LINCOLN, Neb. — With yet another obstacle removed for the Keystone XL pipeline, opponents were pressing forward with a lawsuit to challenge the project, public protests and an effort to inject the issue into the November elections.
Supporters and opponents both were quick to claim victories with the U.S. State Department report released Friday, which raised no major objections to the pipeline. The oil industry, some union groups and congressional Republicans called on the Obama administration to move forward with the project, while a coalition of landowners and environmentalists say there is still cause for denying a federal permit. The project would ship 830,000 barrels of oil a day from Canada to Texas Gulf Coast refineries.
Meanwhile, farmers and ranchers in Nebraska who oppose the pipeline are planning to run for seats on a state board that regulates power stations that are needed along the project route. And national activists say they have recruited more than 75,000 volunteers willing to participate in civil disobedience, should President Barack Obama approve the Keystone project.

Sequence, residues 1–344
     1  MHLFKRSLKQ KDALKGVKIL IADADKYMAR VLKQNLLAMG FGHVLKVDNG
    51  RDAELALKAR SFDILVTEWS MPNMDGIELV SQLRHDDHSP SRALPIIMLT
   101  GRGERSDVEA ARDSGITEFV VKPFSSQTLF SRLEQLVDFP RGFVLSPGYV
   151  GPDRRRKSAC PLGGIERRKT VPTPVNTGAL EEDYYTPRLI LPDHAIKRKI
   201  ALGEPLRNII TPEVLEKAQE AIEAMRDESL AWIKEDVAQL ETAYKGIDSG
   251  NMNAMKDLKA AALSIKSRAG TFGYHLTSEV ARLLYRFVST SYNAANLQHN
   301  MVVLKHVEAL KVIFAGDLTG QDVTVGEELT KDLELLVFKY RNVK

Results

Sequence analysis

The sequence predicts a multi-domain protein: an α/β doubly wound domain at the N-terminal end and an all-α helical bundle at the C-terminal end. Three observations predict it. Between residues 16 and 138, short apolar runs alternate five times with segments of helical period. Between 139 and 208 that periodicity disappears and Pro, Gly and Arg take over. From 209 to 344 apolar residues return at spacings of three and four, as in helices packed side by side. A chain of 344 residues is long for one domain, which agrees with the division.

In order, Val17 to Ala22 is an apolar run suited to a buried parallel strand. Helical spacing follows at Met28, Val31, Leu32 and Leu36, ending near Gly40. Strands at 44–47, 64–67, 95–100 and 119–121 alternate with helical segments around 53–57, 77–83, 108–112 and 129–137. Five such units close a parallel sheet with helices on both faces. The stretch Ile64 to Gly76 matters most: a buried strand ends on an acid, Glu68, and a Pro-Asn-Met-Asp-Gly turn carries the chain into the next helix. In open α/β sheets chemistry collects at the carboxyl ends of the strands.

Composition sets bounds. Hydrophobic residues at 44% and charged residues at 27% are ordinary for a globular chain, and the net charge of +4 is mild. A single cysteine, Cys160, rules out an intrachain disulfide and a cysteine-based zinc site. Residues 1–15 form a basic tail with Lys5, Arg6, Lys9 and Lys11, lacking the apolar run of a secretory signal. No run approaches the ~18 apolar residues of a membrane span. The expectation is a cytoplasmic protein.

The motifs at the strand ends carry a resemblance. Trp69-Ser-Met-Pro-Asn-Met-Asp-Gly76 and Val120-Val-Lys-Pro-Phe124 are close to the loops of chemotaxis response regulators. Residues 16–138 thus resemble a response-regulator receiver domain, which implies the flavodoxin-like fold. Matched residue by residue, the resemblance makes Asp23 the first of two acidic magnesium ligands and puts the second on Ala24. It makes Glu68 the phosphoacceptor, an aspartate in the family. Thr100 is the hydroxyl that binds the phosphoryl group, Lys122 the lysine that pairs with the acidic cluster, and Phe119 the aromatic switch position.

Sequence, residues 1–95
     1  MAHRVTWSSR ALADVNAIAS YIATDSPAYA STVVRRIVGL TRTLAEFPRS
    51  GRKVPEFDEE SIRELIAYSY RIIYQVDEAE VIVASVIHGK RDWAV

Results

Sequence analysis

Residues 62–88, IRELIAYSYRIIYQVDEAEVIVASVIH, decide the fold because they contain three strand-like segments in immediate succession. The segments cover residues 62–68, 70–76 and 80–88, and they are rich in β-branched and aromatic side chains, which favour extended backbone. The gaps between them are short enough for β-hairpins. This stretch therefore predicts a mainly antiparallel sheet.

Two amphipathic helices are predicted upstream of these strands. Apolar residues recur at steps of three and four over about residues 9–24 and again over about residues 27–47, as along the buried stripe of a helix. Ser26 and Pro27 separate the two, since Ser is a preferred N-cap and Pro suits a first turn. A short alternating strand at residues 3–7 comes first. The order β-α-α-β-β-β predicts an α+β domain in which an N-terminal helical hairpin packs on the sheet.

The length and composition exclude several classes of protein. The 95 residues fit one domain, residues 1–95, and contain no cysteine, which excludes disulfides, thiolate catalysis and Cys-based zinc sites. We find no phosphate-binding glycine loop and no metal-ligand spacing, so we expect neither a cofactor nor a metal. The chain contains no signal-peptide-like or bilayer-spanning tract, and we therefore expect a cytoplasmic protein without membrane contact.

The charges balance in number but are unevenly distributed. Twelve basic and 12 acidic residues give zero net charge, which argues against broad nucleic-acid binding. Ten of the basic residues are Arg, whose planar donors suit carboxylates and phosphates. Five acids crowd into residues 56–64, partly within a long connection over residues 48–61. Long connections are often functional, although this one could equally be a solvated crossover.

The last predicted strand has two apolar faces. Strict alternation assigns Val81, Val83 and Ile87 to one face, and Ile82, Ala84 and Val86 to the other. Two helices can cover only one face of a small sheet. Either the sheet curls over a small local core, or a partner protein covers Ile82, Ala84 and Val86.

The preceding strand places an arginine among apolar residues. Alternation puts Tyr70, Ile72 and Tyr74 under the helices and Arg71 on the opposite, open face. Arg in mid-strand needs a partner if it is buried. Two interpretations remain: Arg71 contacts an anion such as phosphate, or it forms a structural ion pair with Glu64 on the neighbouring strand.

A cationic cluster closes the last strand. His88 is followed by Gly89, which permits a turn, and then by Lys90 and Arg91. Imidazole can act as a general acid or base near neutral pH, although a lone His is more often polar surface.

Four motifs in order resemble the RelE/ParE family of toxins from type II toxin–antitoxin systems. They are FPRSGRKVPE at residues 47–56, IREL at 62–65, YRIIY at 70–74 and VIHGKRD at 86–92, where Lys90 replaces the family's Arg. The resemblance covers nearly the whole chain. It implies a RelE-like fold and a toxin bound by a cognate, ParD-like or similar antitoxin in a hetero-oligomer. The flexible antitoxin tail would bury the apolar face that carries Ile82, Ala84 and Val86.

The project now goes to a 30-day comment period and a review by U.S. Secretary of State John Kerry and other agencies. Obama has 90 days to make the decision on the pipeline, but the White House on Friday disputed the notion that the report is headed to a fast approval. Oil began flowing last week through an Oklahoma-to-Texas section already approved by Obama.
"There's no question, if the president approves this permit, that there will be civil disobedience," said Jane Kleeb, executive director of the group Bold Nebraska, which has helped organize opposition in the state. "We've said from the beginning that we will support the landowners and what they want to do and what they think is best for their property. I think you'll see some landowners driving really slow on their county roads to block the (pipeline) trucks."